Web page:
LA SOIREE Leicester Square, WC1


There comes a time in the year when the spirit yearns for a stiff drink and a whoop-along night in a mirrored tent, watching men in pinstriped suits and bowlers doing headstands on one another’s shoulders . Or a chap in underpants and ciré 6-inch stilettos somersaulting on a trapeze, a tousled minx in underwear juggling balls on her instep, and perhaps Captain Frodo the Norwegian contortionist manoeuvring his whole lanky, double-jointed body through two tennis rackets. Without the mesh, obviously. That would be just silly.



I have followed the modern-circus-burlesque-new-Variety casts of La Soiree – in one form, notably in Edinburgh, La Clique – over eight London years. It began operations a juggling-ball’s throw from here at the old Hippodrome. It has been on the South Bank and now its ornate, faux-decadent Spiegeltent returns to the heart of loucher London in Leicester Square. And every year I think “shall I bother?” and every year come back, and leave strangely contented.

It actually gets better: in recent years achieving ever more slickness and speed between acts (what kills this sort of night stone dead is over-padded ringmastering, so La Soirée has pretty much abolished announcements, moving swiftly from act to act over its two hours with the briefest of bar intervals. Theatrically this works brilliantly: pace, surprise and variety keep you going even if a particular act is not your bag. Or if you have seen it several times before. Or, in my case, if you have to watch a lot of Captain Frodo’s contortionism through your hands. It’s the bit with the swivelling elbow that I reject: as he says, he suffers (though he doesn’t seem to mind) from ‘muscular elastosis’, or doublejointedness. On the other hand, the man is so endearing, so brilliant in his patter, so comically fine-tuned in his absurdity and so ridiculously prodigal with the confetti he pulls out of his pants to assure us that it is all more joyful than freakish.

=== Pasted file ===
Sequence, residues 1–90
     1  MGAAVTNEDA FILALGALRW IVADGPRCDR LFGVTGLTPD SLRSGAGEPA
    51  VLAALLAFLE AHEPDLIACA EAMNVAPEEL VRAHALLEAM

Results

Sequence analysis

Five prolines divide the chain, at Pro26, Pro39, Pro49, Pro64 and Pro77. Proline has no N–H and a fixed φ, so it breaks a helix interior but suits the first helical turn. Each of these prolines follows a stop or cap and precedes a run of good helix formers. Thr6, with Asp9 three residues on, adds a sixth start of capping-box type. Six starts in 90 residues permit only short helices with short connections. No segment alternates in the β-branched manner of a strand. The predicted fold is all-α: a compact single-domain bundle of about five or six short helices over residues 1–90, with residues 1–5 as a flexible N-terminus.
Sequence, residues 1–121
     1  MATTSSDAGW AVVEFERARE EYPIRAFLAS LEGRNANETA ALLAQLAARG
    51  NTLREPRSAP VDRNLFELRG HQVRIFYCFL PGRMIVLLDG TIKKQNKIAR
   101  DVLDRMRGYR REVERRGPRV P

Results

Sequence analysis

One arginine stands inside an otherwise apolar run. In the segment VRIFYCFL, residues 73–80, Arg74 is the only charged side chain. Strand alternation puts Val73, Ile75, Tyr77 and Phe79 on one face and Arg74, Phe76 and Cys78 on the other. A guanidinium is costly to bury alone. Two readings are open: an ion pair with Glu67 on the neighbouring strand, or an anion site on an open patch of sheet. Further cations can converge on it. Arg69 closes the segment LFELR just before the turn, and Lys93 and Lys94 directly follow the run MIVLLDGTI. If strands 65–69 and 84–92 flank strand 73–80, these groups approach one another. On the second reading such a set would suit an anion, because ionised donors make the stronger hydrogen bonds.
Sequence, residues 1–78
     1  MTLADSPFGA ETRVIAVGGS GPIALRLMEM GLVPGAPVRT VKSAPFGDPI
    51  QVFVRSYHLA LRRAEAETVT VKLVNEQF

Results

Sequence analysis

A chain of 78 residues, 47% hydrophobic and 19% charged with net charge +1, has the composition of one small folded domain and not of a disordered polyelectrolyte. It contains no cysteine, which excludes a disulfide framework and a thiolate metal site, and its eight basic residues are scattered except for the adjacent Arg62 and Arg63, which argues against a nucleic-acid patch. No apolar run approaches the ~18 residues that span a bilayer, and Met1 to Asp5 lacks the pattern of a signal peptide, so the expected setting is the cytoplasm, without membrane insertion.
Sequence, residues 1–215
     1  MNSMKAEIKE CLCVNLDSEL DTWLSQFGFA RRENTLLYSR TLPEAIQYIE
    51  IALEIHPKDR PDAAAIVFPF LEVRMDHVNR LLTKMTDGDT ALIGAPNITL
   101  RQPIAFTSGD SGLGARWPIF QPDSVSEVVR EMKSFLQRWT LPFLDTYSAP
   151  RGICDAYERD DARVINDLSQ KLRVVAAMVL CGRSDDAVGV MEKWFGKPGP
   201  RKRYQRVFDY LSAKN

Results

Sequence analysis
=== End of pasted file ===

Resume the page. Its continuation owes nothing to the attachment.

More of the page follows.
Frodo returns this year; so do the other vital headliners, the acrobatically astonishing “English Gentlemen”, Denis Lock and Hamish McCann , bowler-hatted, pinstriped , clutching the FT and an umbrella while they swoop from one impossible feat of strength and grace to the next and eventually strip to their Union Jack pants to the strains of Land of Hope and Glory. They are stars always: even more so since McCann returns with his pole-dance Singing in the Rain round a bendy lampost, and Denis Lock to get the standing ovation of the night with a stunningly beautiful brief lecture on bubbles, and a delicate feat of physics and aesthetics as he blows them into complex shapes and makes them spin and shine aloft. Curiously touching is his coda, for once in the evening free of irony, as he urges us all to be beautiful bubbles givieng joy inthe moment and accepting our fragility.



Who else? Jarred Dewey a newcomer , elegant in stilettos on the trapeze, trapeze, a singer from New Orleans rousing the audience and covering swift kit-changes with a razzmatazz anthems, an extraordinary young man called David Girard who rotates in a giant hamster-wheel, a pouting juggleress, and a couple from Vegas who are not quite as funny as they think, and whose skill is mainly spitting bits of chewed banana into one another’s mouths over quite long distances.



Oh, and Ursula Martinez, a sort of genius in the performance-art trade, vibrant with mischievous total authority, brings first her rude cod-Spanish lesson and a song about Brexit, and then rounds off the evening with what – at the age of fifty – she has informed a sorrowful nation is the last, absolutely the last, outing of her disappearing-red-hanky strip.   OMG. It’s like the ravens leaving the Tower. But you have until 8th  January to see that: and the rest. And to feel curiously the better for it.
Box office:
0207 492 9942   to 8 Jan.  NY Eve is a special…3 Meece Rating
rating four  (given it a Christmouse to mark the season

libby, christmas cat


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